To recognize helicopter operators who go the distance for safety — day in and day out — HAI presents the HAI Operator Safety Award to its member-operators who were accident free* throughout the previous calendar year.
To apply for your free 2012 HAI Operator Safety Award, click here. Please answer all questions completely, accurately, and legibly. The information that you provide will be used to determine your eligibility for the HAI Operator Safety Award and will be held in the strictest confidence.
All applications are due by May 31, 2013; there is no cost to apply. You can proudly display your HAI Operator Safety Award as evidence of your professionalism and high operating standards.
If you need additional information about the HAI Operator Safety Award, please contact Jose Orozco at email@example.com, or call HAI at 703-683-4646.
*HAI defines “accident” according to 49 CFR 830.2, which is the definition used by the National Transportation Safety Board:
§ 830.2 Definitions.
As used in this part the following words or phrases are defined as follows:
Aircraft accident means an occurrence associated with the operation of an aircraft which takes place between the time any person boards the aircraft with the intention of flight and all such persons have disembarked, and in which any person suffers death or serious injury, or in which the aircraft receives substantial damage. For purposes of this part, the definition of “aircraft accident” includes “unmanned aircraft accident,” as defined herein.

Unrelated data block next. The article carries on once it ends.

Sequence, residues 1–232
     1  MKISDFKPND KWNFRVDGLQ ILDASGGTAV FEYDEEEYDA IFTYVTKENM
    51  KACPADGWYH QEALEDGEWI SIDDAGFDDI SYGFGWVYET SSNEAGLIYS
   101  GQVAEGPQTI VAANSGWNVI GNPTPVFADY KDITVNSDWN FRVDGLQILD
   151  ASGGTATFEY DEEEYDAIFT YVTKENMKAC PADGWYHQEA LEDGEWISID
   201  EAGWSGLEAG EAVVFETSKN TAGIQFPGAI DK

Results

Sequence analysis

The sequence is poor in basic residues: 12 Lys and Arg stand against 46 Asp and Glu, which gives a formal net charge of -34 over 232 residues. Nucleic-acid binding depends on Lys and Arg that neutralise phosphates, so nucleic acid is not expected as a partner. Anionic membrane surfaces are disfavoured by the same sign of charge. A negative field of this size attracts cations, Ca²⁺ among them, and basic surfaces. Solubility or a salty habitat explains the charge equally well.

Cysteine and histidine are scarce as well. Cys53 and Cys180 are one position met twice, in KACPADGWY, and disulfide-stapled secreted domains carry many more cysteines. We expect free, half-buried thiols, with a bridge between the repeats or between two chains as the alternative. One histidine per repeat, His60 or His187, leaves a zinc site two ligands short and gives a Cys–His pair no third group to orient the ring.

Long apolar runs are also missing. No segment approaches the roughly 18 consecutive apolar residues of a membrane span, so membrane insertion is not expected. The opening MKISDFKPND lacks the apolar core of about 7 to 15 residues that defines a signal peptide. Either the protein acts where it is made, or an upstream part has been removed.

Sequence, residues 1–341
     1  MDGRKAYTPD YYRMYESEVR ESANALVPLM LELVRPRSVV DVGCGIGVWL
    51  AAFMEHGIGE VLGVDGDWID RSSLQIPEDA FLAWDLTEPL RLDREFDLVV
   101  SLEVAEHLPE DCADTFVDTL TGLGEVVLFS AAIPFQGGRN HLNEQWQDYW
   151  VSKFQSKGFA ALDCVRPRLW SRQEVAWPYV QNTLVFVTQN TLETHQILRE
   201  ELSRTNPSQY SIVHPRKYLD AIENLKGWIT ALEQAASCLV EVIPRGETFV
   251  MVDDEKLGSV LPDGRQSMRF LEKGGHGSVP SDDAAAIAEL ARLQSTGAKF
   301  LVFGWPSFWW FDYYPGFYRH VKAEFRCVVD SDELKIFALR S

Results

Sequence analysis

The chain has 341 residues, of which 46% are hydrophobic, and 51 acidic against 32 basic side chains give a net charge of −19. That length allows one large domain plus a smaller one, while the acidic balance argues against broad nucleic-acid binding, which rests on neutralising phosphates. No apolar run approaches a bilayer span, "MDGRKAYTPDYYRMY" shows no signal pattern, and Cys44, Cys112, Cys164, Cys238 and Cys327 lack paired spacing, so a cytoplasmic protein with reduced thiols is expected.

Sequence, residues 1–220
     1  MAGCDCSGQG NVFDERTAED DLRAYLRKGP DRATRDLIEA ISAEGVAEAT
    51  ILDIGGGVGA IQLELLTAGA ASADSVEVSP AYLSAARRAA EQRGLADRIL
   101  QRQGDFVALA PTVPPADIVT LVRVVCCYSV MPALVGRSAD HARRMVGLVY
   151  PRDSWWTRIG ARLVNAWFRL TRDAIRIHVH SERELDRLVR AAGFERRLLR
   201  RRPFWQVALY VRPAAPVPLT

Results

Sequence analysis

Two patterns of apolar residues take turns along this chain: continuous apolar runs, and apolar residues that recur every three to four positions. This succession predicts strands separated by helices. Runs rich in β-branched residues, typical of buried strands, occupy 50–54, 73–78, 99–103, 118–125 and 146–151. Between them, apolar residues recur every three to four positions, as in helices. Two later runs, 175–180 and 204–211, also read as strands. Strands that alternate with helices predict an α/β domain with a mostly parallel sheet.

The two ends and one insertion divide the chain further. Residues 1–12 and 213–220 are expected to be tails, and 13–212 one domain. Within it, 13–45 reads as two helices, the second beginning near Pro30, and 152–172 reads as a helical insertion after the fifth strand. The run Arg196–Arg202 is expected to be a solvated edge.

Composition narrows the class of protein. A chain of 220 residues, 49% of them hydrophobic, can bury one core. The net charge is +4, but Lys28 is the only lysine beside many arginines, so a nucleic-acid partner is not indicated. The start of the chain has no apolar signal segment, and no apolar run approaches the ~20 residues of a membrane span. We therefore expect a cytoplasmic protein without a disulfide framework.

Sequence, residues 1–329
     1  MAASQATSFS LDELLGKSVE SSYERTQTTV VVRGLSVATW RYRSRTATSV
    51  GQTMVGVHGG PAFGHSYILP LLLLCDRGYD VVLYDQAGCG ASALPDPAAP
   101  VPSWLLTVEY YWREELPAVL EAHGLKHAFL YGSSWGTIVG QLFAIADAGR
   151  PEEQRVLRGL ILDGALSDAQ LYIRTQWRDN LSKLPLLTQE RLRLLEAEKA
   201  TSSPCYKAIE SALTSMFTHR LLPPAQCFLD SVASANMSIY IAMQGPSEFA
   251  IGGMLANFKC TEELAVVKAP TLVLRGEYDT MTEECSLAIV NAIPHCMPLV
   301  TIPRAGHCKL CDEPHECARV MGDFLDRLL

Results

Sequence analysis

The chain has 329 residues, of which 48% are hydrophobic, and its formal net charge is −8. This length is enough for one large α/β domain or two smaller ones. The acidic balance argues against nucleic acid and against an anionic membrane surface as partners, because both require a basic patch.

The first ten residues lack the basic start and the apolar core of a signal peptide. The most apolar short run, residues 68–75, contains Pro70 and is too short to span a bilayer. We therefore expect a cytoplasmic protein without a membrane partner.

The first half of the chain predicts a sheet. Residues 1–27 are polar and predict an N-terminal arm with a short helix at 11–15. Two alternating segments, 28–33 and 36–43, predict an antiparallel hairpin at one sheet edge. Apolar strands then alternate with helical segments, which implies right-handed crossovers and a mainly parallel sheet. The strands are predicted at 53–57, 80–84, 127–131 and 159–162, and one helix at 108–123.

Serious injury means any injury which: (1) Requires hospitalization for more than 48 hours, commencing within 7 days from the date of the injury was received; (2) results in a fracture of any bone (except simple fractures of fingers, toes, or nose); (3) causes severe hemorrhages, nerve, muscle, or tendon damage; (4) involves any internal organ; or (5) involves second- or third-degree burns, or any burns affecting more than 5 percent of the body surface.
Substantial damage means damage or failure which adversely affects the structural strength, performance, or flight characteristics of the aircraft, and which would normally require major repair or replacement of the affected component. Engine failure or damage limited to an engine if only one engine fails or is damaged, bent fairings or cowling, dented skin, small punctured holes in the skin or fabric, ground damage to rotor or propeller blades, and damage to landing gear, wheels, tires, flaps, engine accessories, brakes, or wingtips are not considered “substantial damage” for the purpose of this part.
[53 FR 36982, Sept. 23, 1988, as amended at 60 FR 40112, Aug. 7, 1995; 75 FR 51955, Aug. 24, 2010]